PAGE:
Let me say a bit more about one of those core values: history. I am mindful of the rich tradition of this congregation, under the direction of Frank C. Button its joint history with the founding of the Morehead Normal School, now Morehead State University. The very foundation of the church building rests upon the ground of its predecessor, the Union Church, which was built at the encouragement Col. John Hargis, founder of Morehead. Those two parts of our congregation’s history reveal the threads of ministry which continue to this day: our ongoing commitment to education and our dedication to ecumenism. It is, borrowing the words of Lord Acton, “an illumination of the soul” of this congregation.
An exploration of one’s history also calls us to reflection, and at times repentance. Our ancestors, both personal and corporate, were human beings like us, sometimes inspiring, at other points most fallible. Engaging in history requires much of us, to be willing to face uncomfortable facts and to learn what those parts of our history reveal about ourselves. Our congregation’s history is no exception. The first financial supporter of the founding of the Normal School and of the Christian Church in Morehead was William Temple Withers, a former Confederate general and slaveowner, and also a prominent Lexington philanthropist and supporter within Christian Church circles. His name is included in one of our stained glass windows.
History is complicated because human beings are complicated.
We are beginning our worship services with an acknowledgement of the land, a public recognition of the stories of this place before us, of the people who lived on this land, loved it, cared for it, and who were forcibly displaced from their lands. That story is part of the history of the American church, too, and of ours as members of the Christian Church (Disciples of Christ). It’s a history which may make us uncomfortable, which challenges the narratives our ancestors told about themselves. Learning about the Doctrine of Discovery, the role that Christian churches played in the forced removal and the intentional erasure of indigenous culture and practices, enables us to tell our own stories with more honesty and humility. And it can change the ways in which we engage in ministry today, as we learn from the mistakes of the past and see how those historic decisions still affect the present day.
Our histories are a mix of cherished stories and of regrets. I’m grateful that this congregation is committed to being faithful storytellers who both inspire and who don’t flinch at the painful chapters of the past.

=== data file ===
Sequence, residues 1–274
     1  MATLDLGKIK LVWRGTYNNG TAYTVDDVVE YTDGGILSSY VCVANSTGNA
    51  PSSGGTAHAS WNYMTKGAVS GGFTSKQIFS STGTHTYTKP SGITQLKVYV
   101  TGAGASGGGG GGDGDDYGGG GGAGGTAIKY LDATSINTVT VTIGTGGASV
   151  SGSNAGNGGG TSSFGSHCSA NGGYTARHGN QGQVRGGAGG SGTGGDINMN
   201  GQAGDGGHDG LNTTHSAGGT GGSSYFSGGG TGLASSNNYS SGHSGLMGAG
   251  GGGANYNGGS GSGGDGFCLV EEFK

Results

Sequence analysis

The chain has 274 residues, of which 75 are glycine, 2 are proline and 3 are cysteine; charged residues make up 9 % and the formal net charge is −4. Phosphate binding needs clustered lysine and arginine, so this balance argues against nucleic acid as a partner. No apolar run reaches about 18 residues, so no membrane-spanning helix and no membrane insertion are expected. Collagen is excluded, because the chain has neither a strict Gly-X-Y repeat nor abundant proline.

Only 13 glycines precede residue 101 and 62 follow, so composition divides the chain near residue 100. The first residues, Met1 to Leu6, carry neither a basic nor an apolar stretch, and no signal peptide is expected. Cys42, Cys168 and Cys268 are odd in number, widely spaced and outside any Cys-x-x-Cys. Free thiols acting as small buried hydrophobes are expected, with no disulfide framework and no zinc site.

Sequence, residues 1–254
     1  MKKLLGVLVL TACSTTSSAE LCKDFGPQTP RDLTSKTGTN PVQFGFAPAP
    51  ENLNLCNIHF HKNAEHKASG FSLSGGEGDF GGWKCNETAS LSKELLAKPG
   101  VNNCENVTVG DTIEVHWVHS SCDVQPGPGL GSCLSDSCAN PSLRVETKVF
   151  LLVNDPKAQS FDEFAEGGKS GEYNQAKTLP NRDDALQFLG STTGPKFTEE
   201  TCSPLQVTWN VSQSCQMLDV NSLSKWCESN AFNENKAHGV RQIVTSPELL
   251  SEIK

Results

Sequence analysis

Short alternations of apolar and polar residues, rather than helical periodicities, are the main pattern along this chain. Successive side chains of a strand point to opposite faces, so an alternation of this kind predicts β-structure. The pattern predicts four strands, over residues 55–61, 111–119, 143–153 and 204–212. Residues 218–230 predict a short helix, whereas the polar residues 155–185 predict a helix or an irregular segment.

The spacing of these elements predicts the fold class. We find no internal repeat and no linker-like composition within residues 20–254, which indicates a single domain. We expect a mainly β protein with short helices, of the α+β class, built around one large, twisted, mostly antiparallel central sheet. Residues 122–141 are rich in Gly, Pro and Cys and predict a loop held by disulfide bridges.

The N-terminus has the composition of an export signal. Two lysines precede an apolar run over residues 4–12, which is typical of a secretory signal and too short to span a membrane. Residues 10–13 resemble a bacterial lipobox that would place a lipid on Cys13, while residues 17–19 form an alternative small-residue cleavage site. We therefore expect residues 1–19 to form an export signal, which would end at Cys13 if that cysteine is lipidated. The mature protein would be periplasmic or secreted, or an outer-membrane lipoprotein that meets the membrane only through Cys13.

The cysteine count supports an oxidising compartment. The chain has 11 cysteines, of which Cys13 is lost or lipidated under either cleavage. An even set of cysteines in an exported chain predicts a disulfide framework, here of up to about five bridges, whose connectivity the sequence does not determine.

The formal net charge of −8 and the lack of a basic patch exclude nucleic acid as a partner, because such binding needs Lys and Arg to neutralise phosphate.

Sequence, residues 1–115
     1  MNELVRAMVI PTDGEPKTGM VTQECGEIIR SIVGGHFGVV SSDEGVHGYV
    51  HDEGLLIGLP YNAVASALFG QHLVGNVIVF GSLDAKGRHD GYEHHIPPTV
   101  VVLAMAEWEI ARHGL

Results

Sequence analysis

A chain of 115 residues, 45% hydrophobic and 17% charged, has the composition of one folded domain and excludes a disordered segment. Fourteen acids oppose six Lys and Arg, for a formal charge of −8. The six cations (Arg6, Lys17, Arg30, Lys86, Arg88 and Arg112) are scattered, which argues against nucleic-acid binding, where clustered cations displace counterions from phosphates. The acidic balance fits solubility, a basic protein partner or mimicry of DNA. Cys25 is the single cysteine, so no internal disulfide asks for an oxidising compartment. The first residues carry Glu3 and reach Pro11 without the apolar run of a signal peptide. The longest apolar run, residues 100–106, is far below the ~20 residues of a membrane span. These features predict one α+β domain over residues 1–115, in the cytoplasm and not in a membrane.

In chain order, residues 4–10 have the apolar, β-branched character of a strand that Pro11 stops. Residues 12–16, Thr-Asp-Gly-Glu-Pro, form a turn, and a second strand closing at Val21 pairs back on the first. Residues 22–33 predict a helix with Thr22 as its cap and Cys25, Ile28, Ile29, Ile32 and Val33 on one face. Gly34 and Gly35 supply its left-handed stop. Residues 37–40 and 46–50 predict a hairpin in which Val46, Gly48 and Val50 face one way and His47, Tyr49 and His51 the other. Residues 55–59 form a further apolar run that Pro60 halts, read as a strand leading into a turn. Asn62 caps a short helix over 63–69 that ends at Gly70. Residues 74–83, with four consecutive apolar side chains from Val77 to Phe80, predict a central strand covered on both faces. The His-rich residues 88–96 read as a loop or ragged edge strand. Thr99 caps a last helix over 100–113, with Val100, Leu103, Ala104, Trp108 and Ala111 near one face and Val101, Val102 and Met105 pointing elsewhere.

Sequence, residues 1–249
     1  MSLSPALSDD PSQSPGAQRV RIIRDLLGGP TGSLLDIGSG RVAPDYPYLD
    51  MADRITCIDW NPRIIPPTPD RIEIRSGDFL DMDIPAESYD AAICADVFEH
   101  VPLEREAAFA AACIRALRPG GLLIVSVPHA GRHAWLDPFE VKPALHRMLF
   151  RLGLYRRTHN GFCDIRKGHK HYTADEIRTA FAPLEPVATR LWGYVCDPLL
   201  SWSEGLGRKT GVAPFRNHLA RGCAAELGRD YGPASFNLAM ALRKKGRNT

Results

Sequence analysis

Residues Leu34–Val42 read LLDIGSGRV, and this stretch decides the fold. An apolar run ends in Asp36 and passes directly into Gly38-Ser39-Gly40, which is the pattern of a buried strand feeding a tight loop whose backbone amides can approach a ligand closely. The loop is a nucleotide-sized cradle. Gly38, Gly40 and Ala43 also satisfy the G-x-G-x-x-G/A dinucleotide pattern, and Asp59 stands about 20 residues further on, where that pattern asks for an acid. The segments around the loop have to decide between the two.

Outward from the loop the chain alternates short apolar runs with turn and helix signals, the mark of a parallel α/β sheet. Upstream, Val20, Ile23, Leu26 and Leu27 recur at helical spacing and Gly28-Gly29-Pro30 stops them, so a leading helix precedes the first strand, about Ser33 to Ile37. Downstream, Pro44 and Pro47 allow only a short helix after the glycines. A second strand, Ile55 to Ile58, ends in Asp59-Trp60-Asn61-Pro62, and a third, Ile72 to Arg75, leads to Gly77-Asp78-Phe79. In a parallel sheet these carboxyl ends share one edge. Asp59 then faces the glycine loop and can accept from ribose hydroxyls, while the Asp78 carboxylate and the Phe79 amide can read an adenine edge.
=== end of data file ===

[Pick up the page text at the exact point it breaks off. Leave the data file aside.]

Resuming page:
How do you understand the role of history in this congregation? In your own life? What lessons are you learning from the past? What stories do you want to know more about?
Let’s keep this conversation going.
Be well. Be kind.
And always be the church where you are.
The life so short, ……..the craft so long to learn.
What’s our Big Why? That’s the question which echoes through our conversations over Tim Soeren’s book, Everywhere You Look: Discovering the Church Where You Are. We dance around the question a bit, throwing out an answer here or there, although nothing seems to truly fit. Why are we here, First Christian Church of Morehead, Kentucky? What is the dream that God wants us to be a part of in this amazing part of Appalachia?
Sometimes it helps to begin at the beginning, to retell the origin stories of this place and this community of faith. We know the Buttons, as recounted in the Rowan County News Centennial Celebration,
The year 1887 was a memorable one for Morehead and Rowan County, for it marks the end of the county’s most crucial period and the beginning of its regeneration. Reverberations of the devastating Rowan County War were still echoing in these hills when a young minister and his mother, Frank and Phoebe Button, came as strangers to Morehead and laid the foundations of the Morehead Normal School.
It was the arrival of the Buttons to Morehead which brought new purpose and much needed stability to the small church reeling from the violence. There are some intriguing themes I see in this origin story of ours and perhaps some points of connection with our own time:
My list is just a start. And you all know the story of this place and this congregation much better than I. I’d love to have conversations with folks reflecting on our beginnings. What values motivated the congregation in its early years? Is there a DNA to this congregation—a common thread connecting us to those beginnings? How have you experienced those core values lived out in the congregation? Are there other points of connection you see between the beginnings of this congregation back in the 1880’s and today? In what ways has the identity of the congregation evolved since its start?